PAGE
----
Mike Hines, Co-owner and creative director of Epoch Floral

42 // Co-owner and creative director of
Epoch Floral
From: northern Minnesota
Lives in: Logan Square
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Hines landed in the flower business by accident.

Accidental how? “I was in Rome, and I wanted flowers in my hotel room. I bought a bouquet and took it apart to see how it was assembled, but I couldn’t figure out how to put it back together. So I went back to buy some more. The little old man who owned the shop asked me to stay and apprentice. It’s an emotional business, but it works. I’ve had clients fire their shrinks because getting flowers from me every week makes them happier. It gets me up in the morning.

Oh, really? When? “At 4:30.”

As in a.m.? “I like to roll out of bed and have a cup of coffee when it’s still dark out, when no phones are ringing and no one’s walking through the door. The day has so many possibilities that early. I work in color, but I don’t live in color.”

On teaching floral design: “In Europe, you have to go to school and get licensed to be a florist. In America, people can just roll out of bed and open a flower shop. It’s crazy. So I teach classes: two every Saturday on understanding texture, colors, composition, scale. It’s like cooking. Anyone can cook if you’ve got a great recipe. I’m not going to make a gajillion new clients from it, because these are people who want to do it for themselves. But I support that.”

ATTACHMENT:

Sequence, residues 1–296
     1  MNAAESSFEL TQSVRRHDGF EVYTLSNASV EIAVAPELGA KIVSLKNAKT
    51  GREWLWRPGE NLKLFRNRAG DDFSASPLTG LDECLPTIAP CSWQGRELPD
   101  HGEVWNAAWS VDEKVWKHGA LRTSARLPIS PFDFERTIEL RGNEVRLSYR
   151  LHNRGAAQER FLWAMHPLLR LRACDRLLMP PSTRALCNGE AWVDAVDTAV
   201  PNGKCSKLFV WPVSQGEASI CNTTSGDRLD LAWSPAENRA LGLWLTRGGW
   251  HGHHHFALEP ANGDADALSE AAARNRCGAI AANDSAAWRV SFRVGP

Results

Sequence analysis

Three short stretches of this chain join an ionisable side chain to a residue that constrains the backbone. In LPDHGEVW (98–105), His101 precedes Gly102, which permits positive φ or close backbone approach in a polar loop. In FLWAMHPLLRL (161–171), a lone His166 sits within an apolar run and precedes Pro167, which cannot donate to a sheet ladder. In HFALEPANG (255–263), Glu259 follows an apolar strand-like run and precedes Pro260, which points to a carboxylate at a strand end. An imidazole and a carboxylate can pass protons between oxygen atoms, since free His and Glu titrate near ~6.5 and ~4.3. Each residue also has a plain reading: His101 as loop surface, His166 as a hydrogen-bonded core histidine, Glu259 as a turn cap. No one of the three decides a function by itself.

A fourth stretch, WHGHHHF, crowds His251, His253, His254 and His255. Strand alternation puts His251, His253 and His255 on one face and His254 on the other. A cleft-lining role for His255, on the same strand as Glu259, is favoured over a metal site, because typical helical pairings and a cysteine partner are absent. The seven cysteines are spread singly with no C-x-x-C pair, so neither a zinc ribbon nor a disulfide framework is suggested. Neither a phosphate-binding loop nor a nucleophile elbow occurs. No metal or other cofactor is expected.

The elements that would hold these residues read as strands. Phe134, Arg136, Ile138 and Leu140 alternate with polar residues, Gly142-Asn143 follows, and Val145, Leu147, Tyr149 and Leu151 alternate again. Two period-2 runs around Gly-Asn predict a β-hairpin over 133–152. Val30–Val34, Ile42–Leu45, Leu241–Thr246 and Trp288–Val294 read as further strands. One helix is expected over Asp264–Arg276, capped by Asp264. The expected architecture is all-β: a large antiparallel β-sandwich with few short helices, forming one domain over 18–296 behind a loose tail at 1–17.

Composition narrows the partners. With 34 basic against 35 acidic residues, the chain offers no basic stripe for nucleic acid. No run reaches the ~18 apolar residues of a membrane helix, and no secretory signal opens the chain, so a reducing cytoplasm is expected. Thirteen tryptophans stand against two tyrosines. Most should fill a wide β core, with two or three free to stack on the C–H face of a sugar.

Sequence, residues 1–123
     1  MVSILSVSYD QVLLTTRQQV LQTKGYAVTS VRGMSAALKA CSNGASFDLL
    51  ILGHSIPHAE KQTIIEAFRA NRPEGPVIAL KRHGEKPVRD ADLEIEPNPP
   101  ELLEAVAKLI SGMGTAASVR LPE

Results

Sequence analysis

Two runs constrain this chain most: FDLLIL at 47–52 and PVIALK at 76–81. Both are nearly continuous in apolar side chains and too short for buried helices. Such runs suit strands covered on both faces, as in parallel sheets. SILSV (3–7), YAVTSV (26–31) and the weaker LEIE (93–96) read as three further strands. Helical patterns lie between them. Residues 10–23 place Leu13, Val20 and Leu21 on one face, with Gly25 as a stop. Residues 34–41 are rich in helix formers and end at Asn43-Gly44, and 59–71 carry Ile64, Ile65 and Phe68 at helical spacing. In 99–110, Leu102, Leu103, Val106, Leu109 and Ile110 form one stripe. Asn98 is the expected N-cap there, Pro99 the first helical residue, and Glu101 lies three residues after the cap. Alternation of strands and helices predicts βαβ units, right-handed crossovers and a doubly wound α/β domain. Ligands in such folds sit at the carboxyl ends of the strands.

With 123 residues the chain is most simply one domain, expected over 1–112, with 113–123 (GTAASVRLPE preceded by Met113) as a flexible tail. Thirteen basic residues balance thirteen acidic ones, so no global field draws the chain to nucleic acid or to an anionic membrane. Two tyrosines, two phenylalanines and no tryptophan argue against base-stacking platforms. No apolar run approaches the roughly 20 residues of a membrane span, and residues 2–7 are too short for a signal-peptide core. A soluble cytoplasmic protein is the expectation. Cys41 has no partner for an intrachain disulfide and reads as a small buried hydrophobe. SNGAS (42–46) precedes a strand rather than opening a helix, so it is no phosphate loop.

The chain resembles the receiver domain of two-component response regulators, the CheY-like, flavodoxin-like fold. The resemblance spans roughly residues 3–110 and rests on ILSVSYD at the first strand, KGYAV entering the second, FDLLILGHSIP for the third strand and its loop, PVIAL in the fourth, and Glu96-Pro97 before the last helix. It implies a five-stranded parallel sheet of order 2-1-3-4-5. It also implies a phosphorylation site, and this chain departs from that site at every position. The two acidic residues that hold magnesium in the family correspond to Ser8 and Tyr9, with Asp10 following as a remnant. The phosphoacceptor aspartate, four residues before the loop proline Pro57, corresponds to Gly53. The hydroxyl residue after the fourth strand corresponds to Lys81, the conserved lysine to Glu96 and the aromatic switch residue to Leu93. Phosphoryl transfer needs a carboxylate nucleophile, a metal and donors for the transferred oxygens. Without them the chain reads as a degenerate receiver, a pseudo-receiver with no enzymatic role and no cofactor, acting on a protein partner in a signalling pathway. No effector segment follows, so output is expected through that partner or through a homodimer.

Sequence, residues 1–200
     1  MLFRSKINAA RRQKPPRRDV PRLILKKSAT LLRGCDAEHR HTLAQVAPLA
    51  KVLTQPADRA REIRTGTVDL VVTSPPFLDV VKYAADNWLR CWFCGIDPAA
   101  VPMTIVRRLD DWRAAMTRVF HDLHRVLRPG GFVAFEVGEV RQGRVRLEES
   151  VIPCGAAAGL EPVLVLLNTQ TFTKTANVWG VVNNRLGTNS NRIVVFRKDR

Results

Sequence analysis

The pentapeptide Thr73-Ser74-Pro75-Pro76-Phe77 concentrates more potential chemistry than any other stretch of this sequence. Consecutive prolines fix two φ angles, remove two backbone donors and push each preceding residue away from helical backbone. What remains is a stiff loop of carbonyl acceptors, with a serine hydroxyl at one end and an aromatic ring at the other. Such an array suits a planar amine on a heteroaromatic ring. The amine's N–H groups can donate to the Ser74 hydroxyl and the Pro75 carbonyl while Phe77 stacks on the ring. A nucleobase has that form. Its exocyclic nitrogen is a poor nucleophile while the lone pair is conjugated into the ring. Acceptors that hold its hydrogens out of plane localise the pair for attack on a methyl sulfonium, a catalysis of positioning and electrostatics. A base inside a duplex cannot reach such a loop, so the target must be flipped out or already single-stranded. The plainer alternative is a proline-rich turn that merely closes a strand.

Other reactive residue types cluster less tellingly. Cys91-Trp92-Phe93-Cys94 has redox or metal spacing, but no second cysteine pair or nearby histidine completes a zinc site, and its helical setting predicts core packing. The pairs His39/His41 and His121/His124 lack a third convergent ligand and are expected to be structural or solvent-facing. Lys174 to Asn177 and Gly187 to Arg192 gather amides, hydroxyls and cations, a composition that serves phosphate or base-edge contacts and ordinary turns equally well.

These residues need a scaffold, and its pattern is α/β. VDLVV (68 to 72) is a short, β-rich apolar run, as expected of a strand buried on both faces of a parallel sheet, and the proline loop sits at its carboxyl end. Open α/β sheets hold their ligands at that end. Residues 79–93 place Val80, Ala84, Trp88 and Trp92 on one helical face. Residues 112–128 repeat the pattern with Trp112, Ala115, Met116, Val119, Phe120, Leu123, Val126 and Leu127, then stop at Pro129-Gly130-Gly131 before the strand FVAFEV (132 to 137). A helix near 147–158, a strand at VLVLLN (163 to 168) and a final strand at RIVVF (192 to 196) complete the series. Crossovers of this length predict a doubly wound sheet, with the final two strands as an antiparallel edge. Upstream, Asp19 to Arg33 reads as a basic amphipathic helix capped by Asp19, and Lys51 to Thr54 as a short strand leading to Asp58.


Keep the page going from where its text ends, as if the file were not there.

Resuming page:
On cooking: “I’m a great cook, and I love having dinner parties, but I’m sick of all this foodie fuss. I just want something beautiful on my plate that’s simply presented and tastes good. Like meat. If you can make a great piece of meat with a bone in it, you can cook. I had a dinner party last Sunday for eight people. We had a bone-in pork roast. I cooked it. Perfect. Done. When I was growing up, we went to my grandma’s on Sundays at three, and at four, we’d all eat dinner together. It was always roast, always mashed potatoes. Food brings people together. Everyone has to eat.”

On Bikram yoga: “I found Bikram two years ago. I rode my bike over one day on a whim and tried it. I thought I was going to die. I promised myself, If I make it through this first class, I will come back tomorrow. I went back the next day and the next. It’s meditation, basically. You against yourself. The heat is there just to relax you: 105 degrees, 40 percent humidity. It changes your life, it changes your physiology, it changes your body. An hour and a half with all that sweat, and you’re cleansed. And then I go to 7-Eleven and get a Slurpee.” —J.W.


* interested in women   * interested in men

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